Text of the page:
Full Time RV Life – RVers Create Healthy Social Environments By Keeping Politics Out Of It

Last Saturday we hosted an RVer gathering/meet-up just outside of San Antonio. We had an incredible evening of food, conversation, vlogging and social interaction. Those who came out included:

Some time ago I wrote at length about how RV Life provides for an escape from topics that serve no positive purpose in life. Such as pointless discussions about Hollywood rumors, fashion trends and the big one… politics. Of course, politics play a role in the lives of RVers. Especially when it comes to highway regulation, vehicle registration laws, income taxes, etc. But the whole “right vs left” nonsense is not really relevant. Maybe to an individual in a private setting of a voting booth, but not at the campfire.

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Saturday there were ten of us huddled around the fire discussing everything from poop (what RVer meet-up is complete without hitting on the topic of poop) to rig weight, to favorite camping locations, organic food and everything in-between. I sat quietly and observed a lot of the dialog. I wanted to see where the discussions would naturally go.

It was all healthy social interaction. If the conversation topics weren’t designed to get a group of laughs they were built around ways to function better as an independent human. Discussions about how things break down and what the solutions are. How to minimize vehicle weight, how to shoot better video, how to market online, etc. All conversation on topics that serve an actual positive purpose in life. In the full time RV life.

You’ll occasionally see social media threads go haywire when a rogue RVer decides to unwisely inject politics into a conversation. But generally speaking, and as an overwhelming majority of scenarios, RVers know that today’s politics stand to divide us, not unite us. And as full timers… we seek to be united in our daily lives.

I have no idea what political affiliations the RVers who spent time with us have. I don’t care what they are. And none of them cared to share them. Because in those moments such affiliations don’t matter. It doesn’t matter if half of the group supports one party and the other half another. While there may be disagreements on that front, RV Life isn’t about finding areas in which we all strongly disagree and then focusing significant time building the momentum of such disagreements.

That act would be counter-productive and damaging to the healthy social interactions at work. So it’s incredible and amazing to me that unlike virtually any other community in our nation RVers have figured this out. It’s an unspoken code that politics have no place at the campfire. And when that code is followed everyone is united in a common set of principles, lifestyles and shared stories.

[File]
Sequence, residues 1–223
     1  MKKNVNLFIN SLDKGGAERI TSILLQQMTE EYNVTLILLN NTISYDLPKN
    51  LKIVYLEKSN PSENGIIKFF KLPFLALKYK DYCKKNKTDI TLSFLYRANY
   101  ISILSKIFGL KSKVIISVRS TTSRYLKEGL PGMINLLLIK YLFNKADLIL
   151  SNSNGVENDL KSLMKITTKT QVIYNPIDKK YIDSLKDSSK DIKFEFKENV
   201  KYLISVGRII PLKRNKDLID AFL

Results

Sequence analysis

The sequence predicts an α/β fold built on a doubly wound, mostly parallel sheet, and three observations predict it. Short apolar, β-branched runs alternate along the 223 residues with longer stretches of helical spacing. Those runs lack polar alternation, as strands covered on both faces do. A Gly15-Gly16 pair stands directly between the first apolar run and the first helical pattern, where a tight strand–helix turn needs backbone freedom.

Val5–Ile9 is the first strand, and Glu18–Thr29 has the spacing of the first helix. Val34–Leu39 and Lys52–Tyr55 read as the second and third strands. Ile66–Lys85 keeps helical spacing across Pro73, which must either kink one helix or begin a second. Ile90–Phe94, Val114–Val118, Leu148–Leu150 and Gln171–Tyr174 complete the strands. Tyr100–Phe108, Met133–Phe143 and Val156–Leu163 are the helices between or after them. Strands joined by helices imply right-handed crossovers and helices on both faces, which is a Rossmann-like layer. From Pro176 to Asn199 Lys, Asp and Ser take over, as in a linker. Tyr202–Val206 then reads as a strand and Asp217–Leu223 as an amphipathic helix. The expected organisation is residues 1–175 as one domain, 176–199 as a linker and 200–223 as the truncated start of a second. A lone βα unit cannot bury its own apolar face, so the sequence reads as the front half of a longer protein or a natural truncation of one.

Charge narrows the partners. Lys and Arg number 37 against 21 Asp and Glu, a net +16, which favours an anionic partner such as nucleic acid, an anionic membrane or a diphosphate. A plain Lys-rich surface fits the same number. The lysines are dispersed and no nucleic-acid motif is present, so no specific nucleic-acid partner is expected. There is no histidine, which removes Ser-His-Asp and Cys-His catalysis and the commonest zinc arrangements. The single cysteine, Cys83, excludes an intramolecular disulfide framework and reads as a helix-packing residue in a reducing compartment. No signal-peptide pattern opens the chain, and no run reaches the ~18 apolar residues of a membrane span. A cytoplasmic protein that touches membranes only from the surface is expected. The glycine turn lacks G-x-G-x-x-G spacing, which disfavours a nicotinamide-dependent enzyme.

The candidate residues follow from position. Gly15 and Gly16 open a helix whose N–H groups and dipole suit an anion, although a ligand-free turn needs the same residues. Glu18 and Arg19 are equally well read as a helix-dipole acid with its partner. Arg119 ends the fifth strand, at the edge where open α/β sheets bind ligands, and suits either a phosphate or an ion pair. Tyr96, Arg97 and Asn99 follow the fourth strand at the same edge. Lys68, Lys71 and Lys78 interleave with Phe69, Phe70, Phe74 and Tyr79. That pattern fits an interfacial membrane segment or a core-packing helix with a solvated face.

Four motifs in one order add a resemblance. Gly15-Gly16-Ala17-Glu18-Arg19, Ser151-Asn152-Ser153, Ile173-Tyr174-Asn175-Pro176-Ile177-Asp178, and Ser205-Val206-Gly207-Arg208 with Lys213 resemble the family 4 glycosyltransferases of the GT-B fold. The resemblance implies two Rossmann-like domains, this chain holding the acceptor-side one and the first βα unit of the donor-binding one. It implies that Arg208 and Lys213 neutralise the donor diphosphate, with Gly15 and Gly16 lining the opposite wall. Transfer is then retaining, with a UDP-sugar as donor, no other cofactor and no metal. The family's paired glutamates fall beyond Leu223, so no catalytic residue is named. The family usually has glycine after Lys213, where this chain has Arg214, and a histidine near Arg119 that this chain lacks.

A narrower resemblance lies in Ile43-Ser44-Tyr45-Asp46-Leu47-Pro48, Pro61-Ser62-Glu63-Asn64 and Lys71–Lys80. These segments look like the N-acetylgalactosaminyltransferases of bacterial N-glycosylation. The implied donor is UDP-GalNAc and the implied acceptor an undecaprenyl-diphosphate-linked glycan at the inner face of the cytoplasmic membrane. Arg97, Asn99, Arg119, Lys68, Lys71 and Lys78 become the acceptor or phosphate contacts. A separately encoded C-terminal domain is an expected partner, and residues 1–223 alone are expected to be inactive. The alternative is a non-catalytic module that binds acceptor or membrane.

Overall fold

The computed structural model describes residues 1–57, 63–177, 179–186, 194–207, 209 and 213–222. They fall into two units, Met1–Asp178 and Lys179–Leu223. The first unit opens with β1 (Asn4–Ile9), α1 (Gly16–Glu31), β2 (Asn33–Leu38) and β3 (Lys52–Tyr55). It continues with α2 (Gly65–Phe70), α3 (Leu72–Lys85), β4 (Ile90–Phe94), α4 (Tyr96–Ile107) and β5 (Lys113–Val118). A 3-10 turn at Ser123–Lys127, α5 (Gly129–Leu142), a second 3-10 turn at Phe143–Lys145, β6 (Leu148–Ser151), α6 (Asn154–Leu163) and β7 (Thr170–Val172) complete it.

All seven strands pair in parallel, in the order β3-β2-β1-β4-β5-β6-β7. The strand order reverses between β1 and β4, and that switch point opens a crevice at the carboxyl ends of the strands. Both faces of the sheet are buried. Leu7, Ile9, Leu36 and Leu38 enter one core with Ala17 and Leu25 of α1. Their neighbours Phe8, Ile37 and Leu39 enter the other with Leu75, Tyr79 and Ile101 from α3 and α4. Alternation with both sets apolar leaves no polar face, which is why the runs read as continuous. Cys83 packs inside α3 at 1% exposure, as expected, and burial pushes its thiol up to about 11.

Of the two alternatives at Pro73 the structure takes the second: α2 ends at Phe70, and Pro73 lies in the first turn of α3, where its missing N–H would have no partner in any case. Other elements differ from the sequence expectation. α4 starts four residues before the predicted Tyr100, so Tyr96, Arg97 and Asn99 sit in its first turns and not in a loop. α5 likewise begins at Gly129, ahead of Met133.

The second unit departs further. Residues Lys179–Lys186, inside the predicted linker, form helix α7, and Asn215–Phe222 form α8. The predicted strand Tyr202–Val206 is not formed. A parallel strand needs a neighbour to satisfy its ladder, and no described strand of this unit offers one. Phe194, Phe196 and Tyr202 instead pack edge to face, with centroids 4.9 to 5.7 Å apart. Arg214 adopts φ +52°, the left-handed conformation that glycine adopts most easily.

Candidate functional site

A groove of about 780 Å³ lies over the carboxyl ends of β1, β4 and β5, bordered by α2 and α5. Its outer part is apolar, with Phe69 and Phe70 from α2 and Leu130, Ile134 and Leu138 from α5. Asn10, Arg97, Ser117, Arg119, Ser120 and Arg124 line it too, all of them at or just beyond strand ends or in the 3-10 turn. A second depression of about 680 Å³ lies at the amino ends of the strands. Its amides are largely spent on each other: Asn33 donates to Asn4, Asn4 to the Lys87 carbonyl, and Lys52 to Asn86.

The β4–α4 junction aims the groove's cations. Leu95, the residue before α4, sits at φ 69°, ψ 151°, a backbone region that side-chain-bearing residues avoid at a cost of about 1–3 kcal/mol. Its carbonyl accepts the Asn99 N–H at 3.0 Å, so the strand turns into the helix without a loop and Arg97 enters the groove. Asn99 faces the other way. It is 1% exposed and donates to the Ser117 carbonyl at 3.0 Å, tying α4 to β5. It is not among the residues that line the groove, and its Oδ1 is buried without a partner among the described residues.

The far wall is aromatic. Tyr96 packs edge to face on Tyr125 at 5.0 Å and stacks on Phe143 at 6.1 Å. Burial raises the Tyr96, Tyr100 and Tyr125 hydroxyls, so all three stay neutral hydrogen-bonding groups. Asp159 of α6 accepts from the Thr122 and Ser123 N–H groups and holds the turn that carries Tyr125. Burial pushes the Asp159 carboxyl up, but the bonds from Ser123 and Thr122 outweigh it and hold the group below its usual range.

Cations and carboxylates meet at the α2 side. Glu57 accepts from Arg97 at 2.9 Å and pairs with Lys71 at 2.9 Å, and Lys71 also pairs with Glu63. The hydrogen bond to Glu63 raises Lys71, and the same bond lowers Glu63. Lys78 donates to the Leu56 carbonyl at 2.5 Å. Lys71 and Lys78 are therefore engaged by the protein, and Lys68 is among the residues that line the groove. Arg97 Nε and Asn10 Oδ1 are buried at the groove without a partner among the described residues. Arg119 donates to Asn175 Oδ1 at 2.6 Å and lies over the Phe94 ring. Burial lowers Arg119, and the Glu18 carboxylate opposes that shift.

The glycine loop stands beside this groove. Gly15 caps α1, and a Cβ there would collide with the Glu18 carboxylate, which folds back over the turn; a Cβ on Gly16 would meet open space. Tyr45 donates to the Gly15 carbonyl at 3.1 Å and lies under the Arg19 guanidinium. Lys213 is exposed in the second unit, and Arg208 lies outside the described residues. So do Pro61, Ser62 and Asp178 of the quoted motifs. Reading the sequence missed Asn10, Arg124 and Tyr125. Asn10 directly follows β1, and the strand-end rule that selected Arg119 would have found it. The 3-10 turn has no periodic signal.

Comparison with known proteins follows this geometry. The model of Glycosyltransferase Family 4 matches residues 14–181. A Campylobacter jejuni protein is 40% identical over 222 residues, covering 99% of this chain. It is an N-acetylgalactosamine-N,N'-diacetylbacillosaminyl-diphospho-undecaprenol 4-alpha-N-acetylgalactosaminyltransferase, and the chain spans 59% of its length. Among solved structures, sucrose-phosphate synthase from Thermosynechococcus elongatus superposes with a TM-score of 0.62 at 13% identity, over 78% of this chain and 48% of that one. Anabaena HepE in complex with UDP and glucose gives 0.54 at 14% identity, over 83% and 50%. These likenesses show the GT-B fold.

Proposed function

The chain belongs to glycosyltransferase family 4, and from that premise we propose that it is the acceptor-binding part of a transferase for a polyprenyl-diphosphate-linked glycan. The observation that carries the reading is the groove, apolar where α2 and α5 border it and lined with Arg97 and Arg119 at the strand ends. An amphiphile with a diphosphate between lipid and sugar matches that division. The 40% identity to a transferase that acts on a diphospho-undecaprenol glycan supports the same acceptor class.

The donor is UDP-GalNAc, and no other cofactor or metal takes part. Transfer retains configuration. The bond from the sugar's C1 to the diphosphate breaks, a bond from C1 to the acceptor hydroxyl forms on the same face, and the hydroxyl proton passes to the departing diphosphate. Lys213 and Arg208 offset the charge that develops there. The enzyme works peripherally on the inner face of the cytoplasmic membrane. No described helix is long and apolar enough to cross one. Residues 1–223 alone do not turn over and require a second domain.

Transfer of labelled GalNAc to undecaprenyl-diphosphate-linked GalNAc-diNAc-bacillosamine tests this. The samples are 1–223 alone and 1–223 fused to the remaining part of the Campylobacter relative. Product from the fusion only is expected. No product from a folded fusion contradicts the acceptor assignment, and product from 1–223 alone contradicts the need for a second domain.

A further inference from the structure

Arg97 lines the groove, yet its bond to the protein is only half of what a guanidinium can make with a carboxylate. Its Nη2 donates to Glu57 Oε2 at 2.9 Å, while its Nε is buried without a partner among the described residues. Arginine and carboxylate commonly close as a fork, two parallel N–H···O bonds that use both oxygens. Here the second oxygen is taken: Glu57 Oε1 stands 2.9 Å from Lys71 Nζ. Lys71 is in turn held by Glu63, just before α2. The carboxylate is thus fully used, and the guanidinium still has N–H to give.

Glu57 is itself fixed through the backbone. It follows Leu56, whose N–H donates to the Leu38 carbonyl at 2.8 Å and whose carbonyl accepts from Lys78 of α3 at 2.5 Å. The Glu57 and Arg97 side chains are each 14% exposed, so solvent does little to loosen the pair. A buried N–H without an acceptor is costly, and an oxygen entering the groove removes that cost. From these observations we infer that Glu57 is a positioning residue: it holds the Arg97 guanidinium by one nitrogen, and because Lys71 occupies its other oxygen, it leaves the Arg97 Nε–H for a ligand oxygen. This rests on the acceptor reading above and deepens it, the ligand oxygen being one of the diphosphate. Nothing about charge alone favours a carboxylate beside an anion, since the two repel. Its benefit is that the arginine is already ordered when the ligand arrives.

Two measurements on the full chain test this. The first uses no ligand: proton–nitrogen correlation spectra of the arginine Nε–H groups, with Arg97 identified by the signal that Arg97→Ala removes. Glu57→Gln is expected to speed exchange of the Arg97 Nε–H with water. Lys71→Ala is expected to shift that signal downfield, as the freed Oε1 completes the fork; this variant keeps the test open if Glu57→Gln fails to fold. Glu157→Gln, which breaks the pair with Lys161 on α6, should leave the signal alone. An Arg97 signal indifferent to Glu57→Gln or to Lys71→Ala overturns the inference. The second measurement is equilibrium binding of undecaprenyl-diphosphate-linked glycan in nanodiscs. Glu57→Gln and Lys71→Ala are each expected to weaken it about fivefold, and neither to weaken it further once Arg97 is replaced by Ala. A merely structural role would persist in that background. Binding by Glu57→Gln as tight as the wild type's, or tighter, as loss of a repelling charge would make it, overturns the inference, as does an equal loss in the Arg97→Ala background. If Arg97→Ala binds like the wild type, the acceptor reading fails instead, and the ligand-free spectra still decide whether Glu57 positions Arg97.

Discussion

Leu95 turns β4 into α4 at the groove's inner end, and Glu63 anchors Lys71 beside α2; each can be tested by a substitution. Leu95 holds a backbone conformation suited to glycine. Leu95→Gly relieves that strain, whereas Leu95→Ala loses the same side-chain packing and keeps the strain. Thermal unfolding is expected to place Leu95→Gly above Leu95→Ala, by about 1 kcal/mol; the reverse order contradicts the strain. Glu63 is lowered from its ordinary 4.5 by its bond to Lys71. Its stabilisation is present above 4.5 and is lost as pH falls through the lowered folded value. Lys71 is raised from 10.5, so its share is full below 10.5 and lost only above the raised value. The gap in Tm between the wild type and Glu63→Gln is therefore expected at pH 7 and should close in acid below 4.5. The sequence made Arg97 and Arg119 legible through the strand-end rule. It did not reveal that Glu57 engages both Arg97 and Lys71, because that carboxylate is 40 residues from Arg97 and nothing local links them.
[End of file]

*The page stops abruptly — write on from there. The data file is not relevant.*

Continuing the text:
This is one of the aspects of the lifestyle I most looked forward to. I see what political divides are doing to society and I saw a community based movement that appeared unified in every aspect of RV living. How does it work? It works because unlike the rest of society RVers don’t mix the two.

As a result of this we all have a much healthier social environment. That in and of itself is very attractive to me. It’s profoundly compelling and lends itself to the organic power of the RV life.

What say you?

Eric Odom

  • Andrea Elkins

    Your sample group is pretty small. Not sure just being RVers is enough to guarantee that the topics won’t be broached; sadly, I’ve met other fulltimers who delight in riling up a group. Less so in person than on social media, though.

    I think most of the parties mentioned are reasonable, polite adults who understand that politics and religion are taboo topics in polite society, at least until the participants know one another better and give at least some form of tacit agreement that politics/religion/child-rearing/other hot buttons can be discussed rationally and peacefully. The many varied aspects of the shared lifestyle, though, does lend itself to an endless array of non-controversial topics, too. (Though I am impressed that tempers didn’t flare when it came to the topic of poo! since I have seen many flame-wars about #2. lol)

    • Well, I don’t suggest that will always be the case. I do suggest, however, that the RV community is one of the rare places you’ll be able to find politics-free social environments. Will every such scenario be so clean of the BS? Nope. But there are many instances where it is… and that is wildly refreshing.